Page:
A: [laugh] That’s adorable.
B: We were young enough that she watched it. She was young enough she would like literally come up and be like, “mommy Docky Huppahbul before bed!”
A: And Felicia Day. Come on.
B: It’s fantastic. Um, and then we just recently watched it, and my boys were like horrified and embarrassed at the whole “the hammer is my penis” moment…
A: Ahhhhhhh! [laughter] Like in some ways it’s funny; it’s like a self parody, and that’s what makes it funny.
B: Totally self-parody, totally self aware, but the whole moral of it is the Nice Guy trope, where the nice guy doesn’t get the girl, the nice guy never gets the girl, the guy who’s faking niceness gets the girl. Um, which is, I don’t think Doctor Horrible isn’t necessarily problematic.
A: Mmmmm, no….
B: But we start to see underlying belief systems and the way people create things, and it’s a little telling.
B: Um, so that’s what happened. Yeah. As we were watching Willow last night, which the episode was it….
A: We cannot keep the name of this episode. We’ve looked at the name of this episode up like, I don’t know how many times now. It’s the one [“Oh No, we’re going to turn that off right now.” (my daughter was calling and vibrating my cell phone)] It’s the one where they all fall asleep and they meet the First Slayer.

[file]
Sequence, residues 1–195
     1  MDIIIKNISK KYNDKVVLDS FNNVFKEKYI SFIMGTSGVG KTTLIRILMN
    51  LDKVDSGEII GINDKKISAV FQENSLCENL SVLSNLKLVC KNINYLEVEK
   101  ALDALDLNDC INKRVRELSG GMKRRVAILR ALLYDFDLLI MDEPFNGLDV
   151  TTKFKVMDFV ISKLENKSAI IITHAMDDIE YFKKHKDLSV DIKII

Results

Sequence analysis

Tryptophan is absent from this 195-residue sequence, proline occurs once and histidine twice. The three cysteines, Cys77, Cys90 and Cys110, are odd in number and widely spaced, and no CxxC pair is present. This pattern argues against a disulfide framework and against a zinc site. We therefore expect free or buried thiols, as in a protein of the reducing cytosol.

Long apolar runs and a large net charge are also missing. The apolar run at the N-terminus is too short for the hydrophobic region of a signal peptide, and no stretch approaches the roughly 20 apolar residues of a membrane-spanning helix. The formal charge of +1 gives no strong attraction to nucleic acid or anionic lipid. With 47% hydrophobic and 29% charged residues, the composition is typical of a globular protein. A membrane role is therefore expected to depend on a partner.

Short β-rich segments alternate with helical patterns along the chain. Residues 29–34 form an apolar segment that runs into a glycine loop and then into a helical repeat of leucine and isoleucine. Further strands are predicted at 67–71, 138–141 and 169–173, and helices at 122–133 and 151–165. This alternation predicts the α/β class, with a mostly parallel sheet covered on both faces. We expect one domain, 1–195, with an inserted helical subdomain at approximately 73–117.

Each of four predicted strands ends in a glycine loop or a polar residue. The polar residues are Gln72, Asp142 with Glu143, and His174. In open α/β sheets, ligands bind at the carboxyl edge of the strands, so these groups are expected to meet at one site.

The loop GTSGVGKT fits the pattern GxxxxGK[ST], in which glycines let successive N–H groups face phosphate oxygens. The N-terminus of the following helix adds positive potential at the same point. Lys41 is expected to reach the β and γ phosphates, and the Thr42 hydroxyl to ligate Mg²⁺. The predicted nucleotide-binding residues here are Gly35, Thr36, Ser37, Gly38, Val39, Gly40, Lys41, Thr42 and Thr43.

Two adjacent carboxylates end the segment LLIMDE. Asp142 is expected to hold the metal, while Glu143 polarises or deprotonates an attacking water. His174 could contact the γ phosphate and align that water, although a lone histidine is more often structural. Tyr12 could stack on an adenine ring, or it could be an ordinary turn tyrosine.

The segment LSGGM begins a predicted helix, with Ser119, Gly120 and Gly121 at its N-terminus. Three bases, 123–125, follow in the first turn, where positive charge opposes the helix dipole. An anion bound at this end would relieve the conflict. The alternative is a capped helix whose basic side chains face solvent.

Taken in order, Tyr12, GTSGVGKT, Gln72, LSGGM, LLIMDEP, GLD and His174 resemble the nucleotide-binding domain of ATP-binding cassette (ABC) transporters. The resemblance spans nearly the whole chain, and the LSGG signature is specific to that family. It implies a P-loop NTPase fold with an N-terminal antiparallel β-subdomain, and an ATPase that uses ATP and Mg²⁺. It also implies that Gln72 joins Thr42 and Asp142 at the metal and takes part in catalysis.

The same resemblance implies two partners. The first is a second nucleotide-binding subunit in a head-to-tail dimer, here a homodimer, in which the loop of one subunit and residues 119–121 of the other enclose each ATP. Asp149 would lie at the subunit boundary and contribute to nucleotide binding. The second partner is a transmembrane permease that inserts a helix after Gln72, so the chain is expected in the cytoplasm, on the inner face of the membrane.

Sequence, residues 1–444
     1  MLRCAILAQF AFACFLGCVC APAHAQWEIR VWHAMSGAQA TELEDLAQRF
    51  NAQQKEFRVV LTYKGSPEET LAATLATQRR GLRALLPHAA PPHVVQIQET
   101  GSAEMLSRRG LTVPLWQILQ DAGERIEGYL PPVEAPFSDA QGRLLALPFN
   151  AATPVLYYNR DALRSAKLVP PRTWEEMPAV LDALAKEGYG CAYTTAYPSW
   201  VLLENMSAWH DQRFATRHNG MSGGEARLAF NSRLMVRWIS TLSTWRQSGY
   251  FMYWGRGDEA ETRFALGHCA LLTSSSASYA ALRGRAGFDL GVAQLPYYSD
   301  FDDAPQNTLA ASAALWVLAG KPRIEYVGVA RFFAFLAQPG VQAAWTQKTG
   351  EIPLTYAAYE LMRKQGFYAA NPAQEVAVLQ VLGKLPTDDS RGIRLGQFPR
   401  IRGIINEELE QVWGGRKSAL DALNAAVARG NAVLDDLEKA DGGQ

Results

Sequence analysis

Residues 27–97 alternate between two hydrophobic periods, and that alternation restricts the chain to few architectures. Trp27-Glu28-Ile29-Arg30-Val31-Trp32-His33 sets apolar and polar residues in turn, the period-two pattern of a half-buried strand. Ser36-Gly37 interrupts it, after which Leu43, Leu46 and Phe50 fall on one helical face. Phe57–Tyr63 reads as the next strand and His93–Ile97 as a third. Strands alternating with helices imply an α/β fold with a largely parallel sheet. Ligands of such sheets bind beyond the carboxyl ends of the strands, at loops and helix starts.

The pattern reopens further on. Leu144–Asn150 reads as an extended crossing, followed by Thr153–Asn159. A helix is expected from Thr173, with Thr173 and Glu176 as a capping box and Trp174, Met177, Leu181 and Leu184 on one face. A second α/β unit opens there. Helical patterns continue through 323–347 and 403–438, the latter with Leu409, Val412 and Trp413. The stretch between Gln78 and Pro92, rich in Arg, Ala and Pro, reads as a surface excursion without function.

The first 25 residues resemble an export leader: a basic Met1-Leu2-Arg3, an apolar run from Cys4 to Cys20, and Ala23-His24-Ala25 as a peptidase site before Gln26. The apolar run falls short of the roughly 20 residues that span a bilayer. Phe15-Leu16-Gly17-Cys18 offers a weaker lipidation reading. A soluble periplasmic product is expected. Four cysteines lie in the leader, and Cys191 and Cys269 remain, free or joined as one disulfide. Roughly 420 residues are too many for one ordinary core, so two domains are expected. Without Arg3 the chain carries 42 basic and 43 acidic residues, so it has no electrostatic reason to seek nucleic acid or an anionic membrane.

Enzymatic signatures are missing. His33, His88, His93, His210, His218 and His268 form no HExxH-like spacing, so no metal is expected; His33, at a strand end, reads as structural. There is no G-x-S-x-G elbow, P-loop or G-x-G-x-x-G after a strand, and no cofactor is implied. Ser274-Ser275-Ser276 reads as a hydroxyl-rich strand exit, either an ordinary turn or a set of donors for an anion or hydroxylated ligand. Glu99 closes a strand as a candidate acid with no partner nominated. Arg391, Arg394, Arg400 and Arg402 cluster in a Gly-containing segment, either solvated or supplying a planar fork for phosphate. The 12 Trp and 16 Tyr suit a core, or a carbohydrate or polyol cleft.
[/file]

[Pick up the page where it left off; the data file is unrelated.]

B: ….in like season four. Yeah. So, um, I wasn’t a big Buffy fan [when it aired]. I was a little bit too young, and definitely witches were “not allowed” on television for me. So I had to brush up on it and watch the episodes.
A: [gibbers unhelpfully while obsessing over finding the specific episode title]
B: So I really, I love the actress for her? The actress for Willow. [Alyson Hannigan]
A: Restless! [finally finding the episode name]
B: There we go. I really enjoyed [Alyson], and we were going to talk about [Willow’s] arc. So we sat down to watch this episode, and there were a lot of fantastic things that came from it that we’re going to get to in a minute…
The premise of it is: they all fall asleep, with the little troop of people and their, like, guidance person, Giles…
A: The Scooby Gang.
B: Scooby Gang! They all fall asleep, and so you get to see each person’s dream that they are dreaming, and in [each one] this creature—for most of what we see, it’s just a creature that’s after them—in their dream. And they’re of course reacting to whatever happens when the creature “gets” them. They’re reacting to it in their sleep.
A: It’s a funny episode.
B: It is cute. There’s cheese…
A: …dream logic is well-captured.
A: His dreams are so bizarre.
B: And so we see all of the things that they fear start to show up, or the things that they’re fantasizing about starting to show up. And the fear brought up some really great points about Willow. But before we could finish the episode, man, we see the dream of Xander.
A: Oh Xander.
B: And he had already actually made a comment about, um, Willow and her girlfriend and how he fantasizes about them. He was pretty open.